Overland Stage

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From Wyoming Tales and Trails

This page: Point of Rocks, Jack Slade, Benjamin F. Ficklin.

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Table of Contents
About This Site

Point of Rocks Station

Point of Rocks Station, 22 miles northeast of Rock Springs and one-half mile south of I-80, was built in 1861 or 1862 by Ben Holladay when Indian depredations completely interdicted stage traffic on the Oregon Trail and forced traffic further south. The move did not completely stop the problem and the station was burned by the Indians at least once. In 1863, Overland ex-superintendent Joseph A. "Jack" Slade held up the stage near here, killing 7 passengers, resulting in the start of the cemetery (C.M. Russell, Holdup of the Overland Stage, below). The Railroad reached Point of Rocks in 1868, but for many years the town remained an important junction point for stages and freighters going to South Pass. In 1870, a stage left twice daily for South Pass City, a jolting 15 hour ride. With the decline of South Pass City and the mines, stage service was discontinued in 1877, and the station became a private residence and a school.

Point of Rocks Station, undated

The last resident of the station was Jim McKee who reputedly was a member of the Hole-in-the-Wall Gang. The Union Pacific, who by then had acquired title to the building, attempted evict him, but was thwarted by McKee's threats of bodily harm to the railroad representive. To deter other visitors McKee posted a smallpox warning on the door. Today, the town is little more than an interchange on I-80 with several trailer homes, a gas station and fireworks store.

Holdup of the Overland Stage, C. M. Russell

Slade had served the Company as division superintendent, first in Julesburg, replacing a French-Canadian, Jules Beni, after whom the town was named, and later in the Rocky Ridge Division. Beni was discharged when a new general superintendent, Benjamin F. Ficklin (1827-1871), discovered that Beni was stealing from the Company. Ficklin, a Virginian, allegedly had killed two men prior to his becoming general superintendent and had earlier been a rough and tough freighter on the plains. He served in both the Albert Sidney Johnston expedition to Utah and the Lander Expedition. He allegedly voiced the opinion that a man going on the Plains should never wash his face till he comes off again. Frank Root and William Connelly in their 1901 The Overland Stage to California: Personal Reminiscenses and Anthentic History of the Great Overland Stage Line and Pony Express From the Missour River to the Pacific Ocean indicate that Slade was brought in by Ficklin as part of a "general 'cleaning up'" of the line from theives who were "congregated along the route and were systematically preying upon the company's property." Slade, when sober, was the perfect gentlemen, but when besotted could be somewhat belligerent and was one not to readily forgive slights. After Jules was dismissed, differences, arose between the two which resulted in each shooting and seriously wounding the other. Slade supposedly vowed that he would have Jules' ears. Jules departed the area.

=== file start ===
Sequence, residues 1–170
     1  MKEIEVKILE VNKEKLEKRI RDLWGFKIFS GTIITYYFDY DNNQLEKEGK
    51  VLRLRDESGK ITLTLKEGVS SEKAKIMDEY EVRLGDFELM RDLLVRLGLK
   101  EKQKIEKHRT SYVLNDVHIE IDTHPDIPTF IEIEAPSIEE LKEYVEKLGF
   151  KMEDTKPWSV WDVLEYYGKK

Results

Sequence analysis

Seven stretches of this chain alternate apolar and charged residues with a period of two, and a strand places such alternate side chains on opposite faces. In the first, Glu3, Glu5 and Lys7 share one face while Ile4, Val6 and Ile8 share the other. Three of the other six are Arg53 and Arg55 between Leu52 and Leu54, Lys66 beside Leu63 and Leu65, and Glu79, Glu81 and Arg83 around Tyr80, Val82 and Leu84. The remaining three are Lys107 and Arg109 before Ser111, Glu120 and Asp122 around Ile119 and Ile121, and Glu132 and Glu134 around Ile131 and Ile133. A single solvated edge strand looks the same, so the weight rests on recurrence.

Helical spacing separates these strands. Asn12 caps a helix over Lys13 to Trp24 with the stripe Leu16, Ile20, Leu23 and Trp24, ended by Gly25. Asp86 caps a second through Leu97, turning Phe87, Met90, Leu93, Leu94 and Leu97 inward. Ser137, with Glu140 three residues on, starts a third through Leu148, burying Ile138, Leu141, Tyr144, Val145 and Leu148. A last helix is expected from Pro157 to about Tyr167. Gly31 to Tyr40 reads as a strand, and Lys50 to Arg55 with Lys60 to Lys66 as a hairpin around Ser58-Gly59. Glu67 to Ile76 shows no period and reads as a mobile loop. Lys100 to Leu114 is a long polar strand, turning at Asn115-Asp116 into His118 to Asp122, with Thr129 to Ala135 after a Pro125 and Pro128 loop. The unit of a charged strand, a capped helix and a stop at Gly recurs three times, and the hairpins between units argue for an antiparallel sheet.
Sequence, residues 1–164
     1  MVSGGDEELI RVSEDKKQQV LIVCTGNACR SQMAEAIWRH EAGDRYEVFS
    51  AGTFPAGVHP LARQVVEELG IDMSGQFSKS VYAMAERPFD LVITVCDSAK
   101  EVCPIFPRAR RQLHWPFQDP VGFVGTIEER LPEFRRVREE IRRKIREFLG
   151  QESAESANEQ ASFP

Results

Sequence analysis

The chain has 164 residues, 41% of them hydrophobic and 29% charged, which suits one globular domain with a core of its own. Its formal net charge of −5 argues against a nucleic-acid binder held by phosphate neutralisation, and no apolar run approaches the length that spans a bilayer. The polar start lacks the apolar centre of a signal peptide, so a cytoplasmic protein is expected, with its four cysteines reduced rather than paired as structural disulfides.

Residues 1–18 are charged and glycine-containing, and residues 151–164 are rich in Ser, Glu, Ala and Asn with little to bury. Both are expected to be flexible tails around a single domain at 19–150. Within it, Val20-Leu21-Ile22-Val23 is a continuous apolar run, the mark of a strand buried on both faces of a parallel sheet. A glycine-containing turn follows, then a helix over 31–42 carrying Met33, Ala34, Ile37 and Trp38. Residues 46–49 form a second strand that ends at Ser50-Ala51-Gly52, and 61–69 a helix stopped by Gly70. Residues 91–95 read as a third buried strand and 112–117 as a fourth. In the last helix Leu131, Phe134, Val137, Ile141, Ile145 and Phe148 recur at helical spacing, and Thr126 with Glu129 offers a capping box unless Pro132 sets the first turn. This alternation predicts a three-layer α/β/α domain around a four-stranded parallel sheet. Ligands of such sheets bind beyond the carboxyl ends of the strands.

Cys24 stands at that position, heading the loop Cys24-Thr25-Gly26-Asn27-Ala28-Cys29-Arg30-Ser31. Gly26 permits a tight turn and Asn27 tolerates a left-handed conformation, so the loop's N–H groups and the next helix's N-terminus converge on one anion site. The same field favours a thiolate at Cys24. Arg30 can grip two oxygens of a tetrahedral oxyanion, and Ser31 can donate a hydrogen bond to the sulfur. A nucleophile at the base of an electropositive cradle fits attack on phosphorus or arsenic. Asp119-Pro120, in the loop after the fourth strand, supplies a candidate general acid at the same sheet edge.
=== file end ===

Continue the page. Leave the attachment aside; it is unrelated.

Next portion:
Months later, Slade was returning from the Pacific Springs Station when he received word that Jules Beni was in the area. Some of Slade's employees captured Jules and took him to the Rocky Ridge Station, binding him to a post in the station's cattle-yard. There, Slade would periodically, through the night, stick his head out the door and take pot shots at Jules, nicking him. In the morning Slade finally dispatched Jules, cutting off his ears and turning one in to a watch fob and the other into an 1860's version of a worry stone. Jules, himself, may not have been so innocent. Eugene Ware, a young captain in the military serving in the area, later wrote: